William Hartnell (1963-66) Irascible old codger dragging his insouciant grand-daughter round time and space (Aha! So The Doctor has done it at least once!) The model of the aged scientist being looked after by a lone daughter or grand-daughter was something of a template by this time, having appeared in Forbidden Planet and other films.
The conceit seems to have been that the daughter represents the humanising conscience of amoral science. Since Carol Ann Ford wanted out and the Doctor didn’t have an unlimited supply of grand-daughters, she was replaced by a continuing run of (mostly) female assistants. Many of the Hartnell Whos were erased forever, though efforts continue to recover them, mostly from foreign archives.
Patrick Troughton (1966-69)Cosmic hobo. Equally mercurial but slightly less grumpy, flute-playing Troughton developed a gentler side to the time lord that Jon Pertwee would go on to make a primary characteristic. Once again, a huge number of episodes are lost from Troughton’s tenure.
Jon Pertwee (1970-74) Dandy. Exiled to Earth by the Time Lords for his interfering ways, Pertwee was stuck with those stuffy UNIT chaps for pretty much his entire time as The Doctor. The smoking jacket and opera cloak marked him out as an aesthete, and his impeccable manners and decorum may owe a little to Peter Cushing’s kindlier film roles (Cushing himself played The Doctor twice, see end of article). Where the Doctor’s characteristic diplomacy failed, Pertwee was the first to wade in, with a knack for then-trendy karate that did not seem to follow The Doctor into later incarnations.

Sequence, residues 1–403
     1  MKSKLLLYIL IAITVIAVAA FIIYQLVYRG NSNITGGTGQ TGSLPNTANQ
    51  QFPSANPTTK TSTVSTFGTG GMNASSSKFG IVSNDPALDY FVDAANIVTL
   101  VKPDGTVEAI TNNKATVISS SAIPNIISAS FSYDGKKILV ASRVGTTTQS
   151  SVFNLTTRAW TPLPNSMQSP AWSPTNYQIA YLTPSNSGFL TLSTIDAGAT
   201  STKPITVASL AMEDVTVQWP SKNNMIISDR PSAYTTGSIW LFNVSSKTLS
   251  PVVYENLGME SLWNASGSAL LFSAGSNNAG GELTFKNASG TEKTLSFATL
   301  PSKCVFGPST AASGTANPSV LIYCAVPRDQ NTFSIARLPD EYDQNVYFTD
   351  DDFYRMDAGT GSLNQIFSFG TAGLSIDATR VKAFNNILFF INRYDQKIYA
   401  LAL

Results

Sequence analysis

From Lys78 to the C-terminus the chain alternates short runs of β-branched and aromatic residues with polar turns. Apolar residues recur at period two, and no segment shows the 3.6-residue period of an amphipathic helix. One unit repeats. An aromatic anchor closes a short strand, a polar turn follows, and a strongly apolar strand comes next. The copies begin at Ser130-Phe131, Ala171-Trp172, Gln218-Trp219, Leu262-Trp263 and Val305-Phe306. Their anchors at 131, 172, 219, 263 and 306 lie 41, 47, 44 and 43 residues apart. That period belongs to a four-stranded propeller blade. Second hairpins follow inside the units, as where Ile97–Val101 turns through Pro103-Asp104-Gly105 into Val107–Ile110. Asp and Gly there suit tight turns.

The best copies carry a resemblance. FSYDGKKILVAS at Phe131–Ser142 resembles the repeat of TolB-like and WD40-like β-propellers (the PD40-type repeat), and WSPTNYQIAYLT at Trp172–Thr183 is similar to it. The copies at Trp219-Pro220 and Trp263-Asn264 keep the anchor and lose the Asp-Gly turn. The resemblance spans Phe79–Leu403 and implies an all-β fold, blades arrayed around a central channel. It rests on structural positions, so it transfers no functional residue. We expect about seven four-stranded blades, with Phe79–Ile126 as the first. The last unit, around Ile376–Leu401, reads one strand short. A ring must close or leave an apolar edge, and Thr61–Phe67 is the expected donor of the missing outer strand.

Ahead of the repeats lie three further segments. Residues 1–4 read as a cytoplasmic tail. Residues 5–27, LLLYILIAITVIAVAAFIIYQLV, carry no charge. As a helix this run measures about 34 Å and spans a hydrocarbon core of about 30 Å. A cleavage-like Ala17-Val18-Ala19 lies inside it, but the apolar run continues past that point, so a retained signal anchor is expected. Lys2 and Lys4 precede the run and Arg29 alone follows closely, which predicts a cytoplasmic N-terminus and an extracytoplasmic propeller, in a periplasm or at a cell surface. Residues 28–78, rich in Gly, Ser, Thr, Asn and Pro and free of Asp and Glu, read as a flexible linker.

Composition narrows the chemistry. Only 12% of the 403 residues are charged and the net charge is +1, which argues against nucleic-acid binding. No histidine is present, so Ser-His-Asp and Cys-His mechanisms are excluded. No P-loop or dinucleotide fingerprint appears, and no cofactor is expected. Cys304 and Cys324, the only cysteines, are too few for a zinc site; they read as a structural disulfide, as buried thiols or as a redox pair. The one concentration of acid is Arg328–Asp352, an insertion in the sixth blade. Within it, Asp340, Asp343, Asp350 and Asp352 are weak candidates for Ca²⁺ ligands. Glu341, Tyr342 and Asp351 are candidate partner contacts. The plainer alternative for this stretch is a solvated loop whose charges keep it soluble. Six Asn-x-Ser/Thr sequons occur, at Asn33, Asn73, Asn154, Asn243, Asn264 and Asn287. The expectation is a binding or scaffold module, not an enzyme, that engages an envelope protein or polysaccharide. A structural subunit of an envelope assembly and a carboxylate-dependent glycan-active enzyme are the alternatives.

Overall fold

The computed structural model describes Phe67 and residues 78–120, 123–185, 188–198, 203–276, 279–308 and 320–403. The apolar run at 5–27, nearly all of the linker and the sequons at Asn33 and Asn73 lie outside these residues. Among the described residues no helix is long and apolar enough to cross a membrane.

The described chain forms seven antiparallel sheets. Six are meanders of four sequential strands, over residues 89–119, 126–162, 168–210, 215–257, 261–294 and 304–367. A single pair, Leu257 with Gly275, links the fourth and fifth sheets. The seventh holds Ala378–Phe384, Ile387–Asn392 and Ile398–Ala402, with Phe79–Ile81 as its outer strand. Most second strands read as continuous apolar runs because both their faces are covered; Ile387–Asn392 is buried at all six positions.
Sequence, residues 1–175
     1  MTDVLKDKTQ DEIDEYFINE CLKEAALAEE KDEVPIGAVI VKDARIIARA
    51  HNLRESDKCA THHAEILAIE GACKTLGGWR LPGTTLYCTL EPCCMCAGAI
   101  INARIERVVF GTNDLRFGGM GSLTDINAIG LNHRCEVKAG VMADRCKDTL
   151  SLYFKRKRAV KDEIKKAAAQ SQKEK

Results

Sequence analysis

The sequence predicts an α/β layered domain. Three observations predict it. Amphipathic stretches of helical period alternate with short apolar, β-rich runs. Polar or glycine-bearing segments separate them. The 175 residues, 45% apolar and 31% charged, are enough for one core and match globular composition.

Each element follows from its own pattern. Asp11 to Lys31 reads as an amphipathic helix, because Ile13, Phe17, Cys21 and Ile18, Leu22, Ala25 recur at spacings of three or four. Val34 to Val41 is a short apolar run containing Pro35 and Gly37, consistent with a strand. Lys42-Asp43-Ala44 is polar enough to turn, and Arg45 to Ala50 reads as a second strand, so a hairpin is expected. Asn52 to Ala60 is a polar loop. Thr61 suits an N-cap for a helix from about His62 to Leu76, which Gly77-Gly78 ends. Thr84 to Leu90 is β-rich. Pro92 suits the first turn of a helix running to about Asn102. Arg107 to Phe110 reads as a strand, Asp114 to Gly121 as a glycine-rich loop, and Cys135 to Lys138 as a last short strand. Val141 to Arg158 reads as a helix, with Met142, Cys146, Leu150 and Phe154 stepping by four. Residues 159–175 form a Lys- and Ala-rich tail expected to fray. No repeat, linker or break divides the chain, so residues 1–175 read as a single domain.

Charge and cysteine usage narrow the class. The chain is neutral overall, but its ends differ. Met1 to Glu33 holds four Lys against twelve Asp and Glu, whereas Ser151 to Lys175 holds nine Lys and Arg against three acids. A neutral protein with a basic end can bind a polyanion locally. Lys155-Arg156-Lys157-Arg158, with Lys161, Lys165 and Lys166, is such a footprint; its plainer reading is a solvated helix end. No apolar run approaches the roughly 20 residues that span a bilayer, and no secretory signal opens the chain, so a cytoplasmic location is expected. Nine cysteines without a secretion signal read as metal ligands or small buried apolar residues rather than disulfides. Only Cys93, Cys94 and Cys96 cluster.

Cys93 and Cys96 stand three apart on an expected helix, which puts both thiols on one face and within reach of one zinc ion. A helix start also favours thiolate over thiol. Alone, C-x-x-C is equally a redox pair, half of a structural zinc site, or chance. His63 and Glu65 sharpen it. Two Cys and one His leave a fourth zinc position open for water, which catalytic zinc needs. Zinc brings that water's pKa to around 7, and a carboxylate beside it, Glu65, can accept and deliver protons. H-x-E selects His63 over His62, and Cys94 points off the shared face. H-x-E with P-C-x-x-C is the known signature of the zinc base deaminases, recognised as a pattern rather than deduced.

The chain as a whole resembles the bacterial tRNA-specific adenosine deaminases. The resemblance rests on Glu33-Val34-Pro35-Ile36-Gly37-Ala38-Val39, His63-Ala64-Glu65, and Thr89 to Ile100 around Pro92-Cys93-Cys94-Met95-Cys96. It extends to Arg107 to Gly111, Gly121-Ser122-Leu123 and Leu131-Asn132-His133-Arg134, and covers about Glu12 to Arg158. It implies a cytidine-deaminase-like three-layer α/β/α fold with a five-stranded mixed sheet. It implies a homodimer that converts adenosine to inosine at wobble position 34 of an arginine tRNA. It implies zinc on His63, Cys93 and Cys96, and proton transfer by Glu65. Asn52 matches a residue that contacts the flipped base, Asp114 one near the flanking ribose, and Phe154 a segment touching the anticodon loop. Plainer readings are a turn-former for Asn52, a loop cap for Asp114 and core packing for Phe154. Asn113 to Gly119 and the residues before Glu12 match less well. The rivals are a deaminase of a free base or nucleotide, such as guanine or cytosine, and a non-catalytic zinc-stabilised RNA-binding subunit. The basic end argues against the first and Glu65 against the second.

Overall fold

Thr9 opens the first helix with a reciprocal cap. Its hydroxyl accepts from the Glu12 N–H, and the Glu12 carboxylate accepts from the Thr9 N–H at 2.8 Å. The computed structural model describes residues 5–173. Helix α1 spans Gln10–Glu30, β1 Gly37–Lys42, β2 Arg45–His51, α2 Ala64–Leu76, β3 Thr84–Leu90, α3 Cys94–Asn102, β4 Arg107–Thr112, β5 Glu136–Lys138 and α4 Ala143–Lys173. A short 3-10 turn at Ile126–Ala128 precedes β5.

Tom Baker (1974-81) Madman. The most recognisable and iconic face of Doctor Who, he started out all jelly babies and mad Cheshire-cat grins, but could be very short-tempered and moody even with his beloved Sarah Jane. Baker’s Doctor immediately dumped the UNIT bores and Bessie – Pertwee’s jalopy – to set back off in adventures in time and space, many of which were inspired by the very popular Hammer films which were showing on a weekend loop in the 1970s. Thus Baker’s Doctor met the equivalent of Frankenstein, Dracula, Fu Manchu and many other schlock-horror stalwarts, as well as starring in possibly the best Who story ever, Genesis Of The Daleks.Peter Davison (1981-84) Public school prefect. Davison’s non-descript character and beige ‘cricketer’ tones were a shock after the eccentric extremes of Baker, and to be fair, he couldn’t have had a harder act to follow. Chosen as a younger Doctor that would be immediately recognisable to the public, due to his stint as Tristan in the popular All Creatures Great And Small, Davison was hardly ever off the screen for the first half of the eighties, arguably over-exposed. Davison’s Doctor was frequently brusque and impatient, and seemed to have a veritable herd of assistants to dilute any accusations of impropriety!